If you’re using machine learning in your organization, you probably should be thinking about how to manage the ethical, legal, and business risks involved if something goes wrong.
But according to a new paper from the Future of Privacy Forum and the College Park, Maryland, data management platform startup Immuta, there simply isn’t an industry standard framework for thinking about these kinds of issues.
“We see a really deep and pressing need for guidelines and for an actual framework to measure risk for machine learning,” says Andrew Burt, chief privacy officer at Immuta and one of the paper’s authors.
In the paper, released Tuesday, they offer some guidance to companies thinking about these issues. Among their suggestions, inspired in part by a 2011 Federal Reserve document on handling financial model risk, is that companies set up three “lines of defense” in handling artificial intelligence risk.
Those should include data scientists and other experts defining exact assumptions and goals around a project; a second team of data and legal experts who work as “validators” and review assumptions, methods, documentation, and information on underlying data quality; and a regular third line of defense involving reviews of the overall assumptions around the model and how they’re working out.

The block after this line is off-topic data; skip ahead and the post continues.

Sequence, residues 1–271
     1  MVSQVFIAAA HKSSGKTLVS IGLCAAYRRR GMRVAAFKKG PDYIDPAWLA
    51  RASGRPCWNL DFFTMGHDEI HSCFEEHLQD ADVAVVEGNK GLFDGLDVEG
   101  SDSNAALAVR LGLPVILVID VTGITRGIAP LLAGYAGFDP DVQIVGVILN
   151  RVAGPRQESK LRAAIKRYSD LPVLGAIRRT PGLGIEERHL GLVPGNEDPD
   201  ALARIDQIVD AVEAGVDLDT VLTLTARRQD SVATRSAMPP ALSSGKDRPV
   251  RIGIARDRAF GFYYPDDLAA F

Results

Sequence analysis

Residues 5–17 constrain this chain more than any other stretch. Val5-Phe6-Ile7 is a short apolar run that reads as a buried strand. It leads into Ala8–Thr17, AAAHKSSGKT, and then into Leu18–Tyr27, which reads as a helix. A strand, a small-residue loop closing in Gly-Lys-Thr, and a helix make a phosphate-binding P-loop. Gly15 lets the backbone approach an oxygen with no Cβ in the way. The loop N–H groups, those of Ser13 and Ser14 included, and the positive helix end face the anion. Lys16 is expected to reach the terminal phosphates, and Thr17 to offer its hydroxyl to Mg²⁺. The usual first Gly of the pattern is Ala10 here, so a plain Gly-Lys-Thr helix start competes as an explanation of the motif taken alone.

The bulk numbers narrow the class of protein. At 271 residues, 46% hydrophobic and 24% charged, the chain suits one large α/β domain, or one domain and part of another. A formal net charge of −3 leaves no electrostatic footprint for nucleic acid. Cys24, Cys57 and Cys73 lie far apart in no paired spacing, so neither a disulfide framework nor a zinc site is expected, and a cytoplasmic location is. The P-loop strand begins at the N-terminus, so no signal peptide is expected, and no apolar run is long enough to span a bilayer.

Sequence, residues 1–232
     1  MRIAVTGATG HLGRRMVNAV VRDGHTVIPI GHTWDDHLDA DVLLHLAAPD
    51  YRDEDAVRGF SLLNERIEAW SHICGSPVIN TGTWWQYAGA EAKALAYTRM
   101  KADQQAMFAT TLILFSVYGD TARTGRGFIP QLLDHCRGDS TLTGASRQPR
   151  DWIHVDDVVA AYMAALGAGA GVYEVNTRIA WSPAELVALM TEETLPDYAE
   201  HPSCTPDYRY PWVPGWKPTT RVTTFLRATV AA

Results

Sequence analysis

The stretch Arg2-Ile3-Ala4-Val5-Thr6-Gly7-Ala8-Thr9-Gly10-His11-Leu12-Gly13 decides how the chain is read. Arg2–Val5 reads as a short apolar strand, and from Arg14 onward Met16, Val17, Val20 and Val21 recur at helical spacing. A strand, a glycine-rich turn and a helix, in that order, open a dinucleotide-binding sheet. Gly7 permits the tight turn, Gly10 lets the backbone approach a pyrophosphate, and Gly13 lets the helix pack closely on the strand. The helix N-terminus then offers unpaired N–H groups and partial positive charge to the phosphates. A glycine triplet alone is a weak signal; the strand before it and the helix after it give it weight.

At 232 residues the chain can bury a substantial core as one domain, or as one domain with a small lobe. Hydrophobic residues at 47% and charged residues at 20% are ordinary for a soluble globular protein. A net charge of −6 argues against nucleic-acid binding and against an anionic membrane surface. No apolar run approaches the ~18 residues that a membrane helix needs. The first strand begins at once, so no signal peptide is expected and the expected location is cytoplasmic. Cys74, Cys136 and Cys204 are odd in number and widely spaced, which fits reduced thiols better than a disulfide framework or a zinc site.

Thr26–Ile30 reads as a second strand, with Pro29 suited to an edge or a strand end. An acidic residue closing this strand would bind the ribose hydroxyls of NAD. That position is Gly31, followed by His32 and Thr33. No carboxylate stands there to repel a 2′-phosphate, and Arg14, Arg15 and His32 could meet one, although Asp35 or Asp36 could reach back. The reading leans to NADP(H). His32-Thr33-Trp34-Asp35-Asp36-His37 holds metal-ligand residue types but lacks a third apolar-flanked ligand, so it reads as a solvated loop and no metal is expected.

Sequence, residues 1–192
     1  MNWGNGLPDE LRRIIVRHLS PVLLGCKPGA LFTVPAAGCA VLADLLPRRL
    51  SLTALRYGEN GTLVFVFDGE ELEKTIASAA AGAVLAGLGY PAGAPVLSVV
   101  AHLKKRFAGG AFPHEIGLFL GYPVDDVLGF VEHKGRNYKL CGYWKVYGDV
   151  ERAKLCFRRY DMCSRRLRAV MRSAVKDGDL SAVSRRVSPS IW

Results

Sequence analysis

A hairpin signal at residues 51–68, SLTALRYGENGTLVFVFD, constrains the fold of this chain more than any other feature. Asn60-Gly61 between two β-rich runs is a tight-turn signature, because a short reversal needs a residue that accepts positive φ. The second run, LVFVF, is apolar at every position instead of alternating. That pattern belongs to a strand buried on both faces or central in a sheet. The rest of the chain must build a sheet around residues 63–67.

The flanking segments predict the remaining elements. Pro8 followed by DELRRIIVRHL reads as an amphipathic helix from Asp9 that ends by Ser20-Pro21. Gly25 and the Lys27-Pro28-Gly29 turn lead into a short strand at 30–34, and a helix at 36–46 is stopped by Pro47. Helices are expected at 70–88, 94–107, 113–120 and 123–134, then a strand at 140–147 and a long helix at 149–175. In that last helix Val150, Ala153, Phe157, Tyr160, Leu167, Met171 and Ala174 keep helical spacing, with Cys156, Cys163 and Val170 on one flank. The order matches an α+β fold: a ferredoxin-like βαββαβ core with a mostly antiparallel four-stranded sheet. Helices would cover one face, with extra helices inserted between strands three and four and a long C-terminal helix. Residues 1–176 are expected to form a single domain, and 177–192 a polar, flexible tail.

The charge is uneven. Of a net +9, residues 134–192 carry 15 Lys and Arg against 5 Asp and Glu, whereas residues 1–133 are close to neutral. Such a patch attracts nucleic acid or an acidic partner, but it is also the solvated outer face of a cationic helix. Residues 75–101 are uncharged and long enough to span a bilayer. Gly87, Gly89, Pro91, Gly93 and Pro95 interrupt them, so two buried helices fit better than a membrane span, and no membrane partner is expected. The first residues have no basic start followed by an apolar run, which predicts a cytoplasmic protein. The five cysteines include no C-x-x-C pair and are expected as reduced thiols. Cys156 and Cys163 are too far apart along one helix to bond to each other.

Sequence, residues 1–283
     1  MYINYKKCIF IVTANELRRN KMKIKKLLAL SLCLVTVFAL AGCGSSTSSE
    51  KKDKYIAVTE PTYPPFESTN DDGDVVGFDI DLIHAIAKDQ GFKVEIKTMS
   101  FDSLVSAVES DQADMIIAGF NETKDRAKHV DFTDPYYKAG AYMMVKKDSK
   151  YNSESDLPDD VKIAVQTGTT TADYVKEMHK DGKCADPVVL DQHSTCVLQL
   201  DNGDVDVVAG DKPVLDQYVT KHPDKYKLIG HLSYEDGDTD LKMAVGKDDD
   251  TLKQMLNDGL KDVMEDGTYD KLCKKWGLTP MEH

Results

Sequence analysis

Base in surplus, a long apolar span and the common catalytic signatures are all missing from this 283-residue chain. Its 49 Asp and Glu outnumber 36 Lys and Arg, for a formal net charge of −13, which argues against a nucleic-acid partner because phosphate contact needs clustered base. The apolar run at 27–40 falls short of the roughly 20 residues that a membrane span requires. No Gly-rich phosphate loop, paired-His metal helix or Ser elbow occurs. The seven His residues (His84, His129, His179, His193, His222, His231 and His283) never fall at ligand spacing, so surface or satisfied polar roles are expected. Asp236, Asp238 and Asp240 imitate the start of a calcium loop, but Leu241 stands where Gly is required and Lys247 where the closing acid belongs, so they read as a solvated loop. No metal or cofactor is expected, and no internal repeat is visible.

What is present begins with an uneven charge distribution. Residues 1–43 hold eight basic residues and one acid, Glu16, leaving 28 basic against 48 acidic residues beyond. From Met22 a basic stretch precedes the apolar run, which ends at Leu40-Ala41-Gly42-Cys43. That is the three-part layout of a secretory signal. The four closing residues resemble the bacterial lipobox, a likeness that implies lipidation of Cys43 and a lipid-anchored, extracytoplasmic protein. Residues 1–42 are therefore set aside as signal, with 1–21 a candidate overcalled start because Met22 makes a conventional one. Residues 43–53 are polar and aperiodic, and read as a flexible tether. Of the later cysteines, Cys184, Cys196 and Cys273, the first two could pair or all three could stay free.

The exact details of how those reviews are implemented will vary from organization to organization, they say.
“In a really, really large company there might be more layers of complexity or multiple review chains or channels that are looking at different aspects of it in parallel with each other,” says Brenda Leong, senior counsel and director of strategy at the Future of Privacy Forum and an author of the paper.
The report also offers other recommendations for managing AI risk, including:
- keeping thorough documentation of the AI model’s intended use, data requirements, specific feature requirements, and where personal data is used and how it’s protected
- taking steps to understand and minimize unwanted biases, such as those involving race or gender
- continuous monitoring to detect if things go wrong, or if the data the system is being used to analyze starts to deviate too much from the training data
- making sure there’s an up-to-date understanding of how to take the AI tool out of production and what that entails for systems that rely on it
- explicitly thinking about tradeoffs between accuracy and human understandability and what those mean for the AI system and use scenarios
The authors say they may revise their recommendations in the future, as the industry and technology continue to evolve.
“From our perspective this is a living document–this is a first attempt,” Burt says. “There is a big void out there we intend to fill with this document, and we’re under no illusions we’ve gotten this perfect.”